I am a terrestrial ecologist broadly interested in the interface between ecology, plant and animal behavior, and their application to conservation strategies. My work often focuses on the role of individual-level behavior or life-history strategies in shaping group-, population-, or community-wide processes.
I use field observations and experiments, as well as quantitative approaches such as remote sensing and agent-based modeling, to address questions about life history strategies of plants and animals. My interests extend from understanding natural history variation in the light of phylogeny to testing theory and developing conservation strategies. While my work often features birds and trees, I have also worked with primates and rodents, and hope to work with many more taxa in the future. Find my publications here.
Currently, I am a Postdoctoral Research Associate with Georg Gratzer at the Institute of Forest Ecology at the University of Natural Resources and Life Sciences, Vienna. The goal of this project is to parametrize stand dynamic models of European old growth forests to determine whether years of intermediate seed production (rather than mast or crop failure years) provide fitness benefits to trees.
Until December 2019, I am also continuing as a Research Associate at the Cornell Lab of Ornithology. In collaboration with John Fitzpatrick and Reed Bowman, our work focuses on the role of biotic (seed production of oaks) and abiotic drivers on population dynamics of Florida scrub-jays at Archbold Biological Station.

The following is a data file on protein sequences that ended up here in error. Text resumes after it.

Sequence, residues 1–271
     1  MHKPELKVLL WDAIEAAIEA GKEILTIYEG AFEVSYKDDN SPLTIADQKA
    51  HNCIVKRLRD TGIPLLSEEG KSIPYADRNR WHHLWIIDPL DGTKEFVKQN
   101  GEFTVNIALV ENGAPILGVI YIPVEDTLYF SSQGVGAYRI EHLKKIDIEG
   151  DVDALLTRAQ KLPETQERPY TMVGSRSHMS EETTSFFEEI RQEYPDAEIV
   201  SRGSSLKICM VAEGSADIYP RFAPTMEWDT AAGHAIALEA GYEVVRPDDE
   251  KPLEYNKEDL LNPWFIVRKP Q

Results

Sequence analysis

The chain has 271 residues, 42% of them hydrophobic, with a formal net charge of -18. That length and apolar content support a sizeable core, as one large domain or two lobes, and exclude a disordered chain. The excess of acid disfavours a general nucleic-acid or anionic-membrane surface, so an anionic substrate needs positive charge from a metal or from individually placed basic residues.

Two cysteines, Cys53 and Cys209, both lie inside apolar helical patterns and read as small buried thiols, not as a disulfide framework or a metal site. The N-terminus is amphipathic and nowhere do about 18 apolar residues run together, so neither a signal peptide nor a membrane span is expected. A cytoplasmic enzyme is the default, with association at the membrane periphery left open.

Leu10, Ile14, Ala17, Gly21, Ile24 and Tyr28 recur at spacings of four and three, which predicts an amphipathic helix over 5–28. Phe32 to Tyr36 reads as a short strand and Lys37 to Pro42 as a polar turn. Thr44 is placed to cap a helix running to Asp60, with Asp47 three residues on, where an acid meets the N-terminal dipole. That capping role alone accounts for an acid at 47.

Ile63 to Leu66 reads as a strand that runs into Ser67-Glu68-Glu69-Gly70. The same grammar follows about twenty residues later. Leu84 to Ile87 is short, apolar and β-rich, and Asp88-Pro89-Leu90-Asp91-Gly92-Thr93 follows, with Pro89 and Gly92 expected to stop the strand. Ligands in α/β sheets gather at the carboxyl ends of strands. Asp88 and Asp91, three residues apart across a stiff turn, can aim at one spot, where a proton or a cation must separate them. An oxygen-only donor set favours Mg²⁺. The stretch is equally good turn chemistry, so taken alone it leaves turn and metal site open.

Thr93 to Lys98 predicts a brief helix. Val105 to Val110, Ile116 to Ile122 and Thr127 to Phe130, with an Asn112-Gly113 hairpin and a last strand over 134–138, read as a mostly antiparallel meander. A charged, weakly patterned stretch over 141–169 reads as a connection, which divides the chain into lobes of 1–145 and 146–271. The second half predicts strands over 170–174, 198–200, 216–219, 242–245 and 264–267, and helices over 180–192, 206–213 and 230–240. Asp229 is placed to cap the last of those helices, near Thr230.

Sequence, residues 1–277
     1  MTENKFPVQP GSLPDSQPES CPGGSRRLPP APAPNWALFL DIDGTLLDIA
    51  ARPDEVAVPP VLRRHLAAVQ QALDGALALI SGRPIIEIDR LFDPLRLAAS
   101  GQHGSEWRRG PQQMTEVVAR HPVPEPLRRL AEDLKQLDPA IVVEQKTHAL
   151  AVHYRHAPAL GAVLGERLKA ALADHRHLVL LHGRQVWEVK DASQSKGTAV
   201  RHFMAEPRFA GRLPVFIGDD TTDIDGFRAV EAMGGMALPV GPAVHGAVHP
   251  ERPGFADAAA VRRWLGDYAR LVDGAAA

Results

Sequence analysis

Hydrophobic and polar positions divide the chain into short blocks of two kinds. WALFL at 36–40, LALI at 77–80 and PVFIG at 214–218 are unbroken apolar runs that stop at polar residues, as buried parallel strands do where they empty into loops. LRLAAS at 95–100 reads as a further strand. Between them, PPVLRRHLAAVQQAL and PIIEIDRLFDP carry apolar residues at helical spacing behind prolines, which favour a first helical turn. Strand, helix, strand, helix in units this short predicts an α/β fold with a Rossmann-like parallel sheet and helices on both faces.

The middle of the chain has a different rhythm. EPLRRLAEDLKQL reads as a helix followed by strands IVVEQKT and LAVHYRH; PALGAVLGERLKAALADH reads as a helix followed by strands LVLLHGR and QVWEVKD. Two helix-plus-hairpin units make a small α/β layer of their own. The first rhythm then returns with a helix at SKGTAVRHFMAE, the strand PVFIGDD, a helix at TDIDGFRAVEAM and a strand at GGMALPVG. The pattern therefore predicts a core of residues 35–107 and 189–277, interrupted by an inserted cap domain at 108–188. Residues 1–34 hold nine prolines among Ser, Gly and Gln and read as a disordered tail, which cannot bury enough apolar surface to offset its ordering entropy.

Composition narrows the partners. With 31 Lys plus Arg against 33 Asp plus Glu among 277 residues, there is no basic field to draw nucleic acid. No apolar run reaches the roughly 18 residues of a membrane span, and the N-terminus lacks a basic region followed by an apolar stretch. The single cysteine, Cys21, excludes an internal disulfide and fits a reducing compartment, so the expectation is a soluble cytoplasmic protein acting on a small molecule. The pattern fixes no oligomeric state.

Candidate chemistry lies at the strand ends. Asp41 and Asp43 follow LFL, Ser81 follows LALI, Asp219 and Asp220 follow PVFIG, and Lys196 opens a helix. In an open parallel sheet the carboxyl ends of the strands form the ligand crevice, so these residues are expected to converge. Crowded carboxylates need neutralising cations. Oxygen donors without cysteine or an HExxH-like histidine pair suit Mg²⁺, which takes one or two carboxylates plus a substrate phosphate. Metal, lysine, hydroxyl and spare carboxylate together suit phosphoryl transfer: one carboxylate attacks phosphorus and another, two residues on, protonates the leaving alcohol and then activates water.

From 2014 to 2018, I worked at the Hastings Natural History Reservation with Walter Koenig, where we investigated drivers and consequences of mast-seeding in California oak communities.
As a Research Associate with the Smithsonian Conservation Biology Institute, I collaborate with Scott Sillett and Brandt Ryder on a long-term research project on the ecology and behavior of island scrub-jays, endemic to Santa Cruz Island, and their role in the reproductive strategies and restoration of oaks on California's Channel Islands.
Finally, I am a member of MASTNET, an international group of researchers interested in the drivers and consequences of mast-seeding - the synchronized temporal variation of seed production in tree populations. The aim of this group, led by Andrew Hacket-Pain (University of Liverpool) and consisting of leading researchers from around the world, is to assemble and investigate global (time-series) data sets of forest tree seed production.
I enjoy communicating science to small and large audiences, ranging from school kids to scientific peers. Together with the UC Santa Barbara's Office of Education Partnerships and the Smithsonian Institution, I mentor students through the Smithsonian Scholars Program and spear-head an annual STEM outreach camp.
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